role and function of SNHA changed significantly in
response to decreased federal funding for visitor
services and education programs in the parks. The
NPS transferred the Pear Lake Ski Hut and Crystal
Cave tour operations to SNHA.
In addition, the organization established
its field seminar program with six courses and a membership
program with 200 supporters, who received the newly
created Seedlings membership newsletter. SNHA provided
financial support for projects such as the Walter
Fry Nature Center in Lodgepole and the formation of
the nonprofit Sequoia and Kings Canyon National Parks
Foundation (today called the Sequoia Parks Foundation).
In 1987, SNHA hired its first executive
director, John Palmer. Palmer had previously worked
as chief interpreter for the parks and as part of
his NPS duties had served as the SNHA executive secretary
since 1969. Under Palmer’s leadership, SNHA
started its annual membership meeting and picnic,
opened an office building at Ash Mountain, reached
$500,000 in annual revenue, and grew to 600 members.
SNHA continued to expand its operations
and services into the 1990s. Tyler Conrad became the
organization’s second executive director, and
SNHA’s programs now included renting bear-resistant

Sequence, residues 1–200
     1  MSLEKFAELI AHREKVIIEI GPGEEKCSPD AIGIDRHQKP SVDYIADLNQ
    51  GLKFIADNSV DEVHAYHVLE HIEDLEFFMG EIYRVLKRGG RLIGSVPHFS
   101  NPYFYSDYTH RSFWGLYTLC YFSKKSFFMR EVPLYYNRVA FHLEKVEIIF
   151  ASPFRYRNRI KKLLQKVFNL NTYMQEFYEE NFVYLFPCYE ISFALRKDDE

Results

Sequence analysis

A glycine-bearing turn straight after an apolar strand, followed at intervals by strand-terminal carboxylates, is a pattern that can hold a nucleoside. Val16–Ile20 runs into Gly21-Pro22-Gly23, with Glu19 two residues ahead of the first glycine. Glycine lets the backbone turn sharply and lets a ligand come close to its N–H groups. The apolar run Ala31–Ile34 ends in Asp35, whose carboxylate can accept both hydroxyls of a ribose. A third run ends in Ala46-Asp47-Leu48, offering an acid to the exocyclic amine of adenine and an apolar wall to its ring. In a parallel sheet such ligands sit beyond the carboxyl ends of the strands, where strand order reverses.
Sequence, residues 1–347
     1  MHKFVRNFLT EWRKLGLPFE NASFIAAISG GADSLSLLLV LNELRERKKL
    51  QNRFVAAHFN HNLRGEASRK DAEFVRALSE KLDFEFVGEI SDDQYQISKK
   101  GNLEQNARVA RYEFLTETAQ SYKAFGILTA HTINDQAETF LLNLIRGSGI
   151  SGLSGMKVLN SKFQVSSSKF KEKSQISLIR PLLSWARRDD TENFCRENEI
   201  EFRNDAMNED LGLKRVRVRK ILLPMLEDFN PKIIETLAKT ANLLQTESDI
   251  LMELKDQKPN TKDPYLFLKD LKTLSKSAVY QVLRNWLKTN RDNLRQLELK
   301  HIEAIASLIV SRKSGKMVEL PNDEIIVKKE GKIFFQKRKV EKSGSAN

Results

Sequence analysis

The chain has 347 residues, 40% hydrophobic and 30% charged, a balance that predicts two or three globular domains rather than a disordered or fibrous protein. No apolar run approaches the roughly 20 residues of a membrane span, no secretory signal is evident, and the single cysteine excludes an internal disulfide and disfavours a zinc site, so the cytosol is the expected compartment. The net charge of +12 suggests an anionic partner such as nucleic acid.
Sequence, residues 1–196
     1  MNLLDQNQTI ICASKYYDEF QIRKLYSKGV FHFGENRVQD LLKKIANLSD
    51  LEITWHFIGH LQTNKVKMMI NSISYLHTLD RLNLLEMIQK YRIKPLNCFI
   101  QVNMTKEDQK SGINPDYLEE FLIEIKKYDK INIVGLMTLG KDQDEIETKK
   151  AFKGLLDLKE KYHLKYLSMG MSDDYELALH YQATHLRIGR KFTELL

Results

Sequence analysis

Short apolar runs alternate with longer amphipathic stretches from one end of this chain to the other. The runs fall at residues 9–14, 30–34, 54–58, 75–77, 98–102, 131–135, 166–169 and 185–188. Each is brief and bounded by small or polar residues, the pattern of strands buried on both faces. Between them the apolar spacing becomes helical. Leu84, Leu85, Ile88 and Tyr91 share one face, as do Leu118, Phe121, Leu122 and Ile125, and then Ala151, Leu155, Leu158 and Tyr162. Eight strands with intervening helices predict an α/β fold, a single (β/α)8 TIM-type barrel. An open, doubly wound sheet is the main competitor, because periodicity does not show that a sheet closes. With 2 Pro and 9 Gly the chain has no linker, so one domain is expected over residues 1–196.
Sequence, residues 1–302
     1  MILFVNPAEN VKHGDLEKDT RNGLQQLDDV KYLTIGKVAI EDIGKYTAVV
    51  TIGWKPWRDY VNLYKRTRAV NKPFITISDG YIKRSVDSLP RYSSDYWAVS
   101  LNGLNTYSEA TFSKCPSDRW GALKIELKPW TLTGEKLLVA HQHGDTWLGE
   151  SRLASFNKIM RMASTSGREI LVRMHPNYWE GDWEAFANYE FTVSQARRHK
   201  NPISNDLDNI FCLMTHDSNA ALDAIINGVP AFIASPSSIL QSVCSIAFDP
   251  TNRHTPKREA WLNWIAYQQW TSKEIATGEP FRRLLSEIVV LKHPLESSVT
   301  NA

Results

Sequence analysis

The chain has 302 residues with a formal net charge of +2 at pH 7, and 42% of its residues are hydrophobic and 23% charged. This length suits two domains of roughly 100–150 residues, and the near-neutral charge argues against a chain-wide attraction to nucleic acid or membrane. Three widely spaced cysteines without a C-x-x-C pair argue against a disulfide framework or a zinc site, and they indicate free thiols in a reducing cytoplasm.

food canisters, hiring the first visitor center employee,
and expanding both space for books in visitor centers
and the number of retail items sold to 700. By 1993,
SNHA had contributed $1 million in support to Sequoia
and Kings Canyon National Parks since its founding
To be continued...
Sequoia National Park and General Grant National
1916 National Park Service
1923 Yosemite Museum Association,
first NPS cooperating association, established
1940 SNHA established; membership
= 0, revenue = $539. Kings Canyon National
Park established; Crystal Cave opens for public
1942-45 SNHA operations on
hold due to war
1946 SNHA publishes first
book: Crystal Cave
1963–1965 SNHA expands
sales outlets to new Grant Grove and Lodgepole
1969 NPS Chief Park Interpreter
John Palmer assumes the role of SNHA executive
1973 First SNHA employee,
Denelle Stroh, hired as business manager
1979 SNHA assists NPS with
Pear Lake Ski Hut operation
1982 SNHA takes over operation
of Crystal Cave from NPS
1983 SNHA establishes field
seminar program; starts membership program
with 200 members; revenue = $250,000; aid
to NPS = $29,000; total aid since 1940 = $214,000
1987 John Palmer becomes
first executive director
1988 SNHA opens office building
at Ash Mountain; members = 550; revenue =
$507,000; aid to NPS = $53,000; total aid
since 1940 = $453,000
1992 Tyler Conrad joins SNHA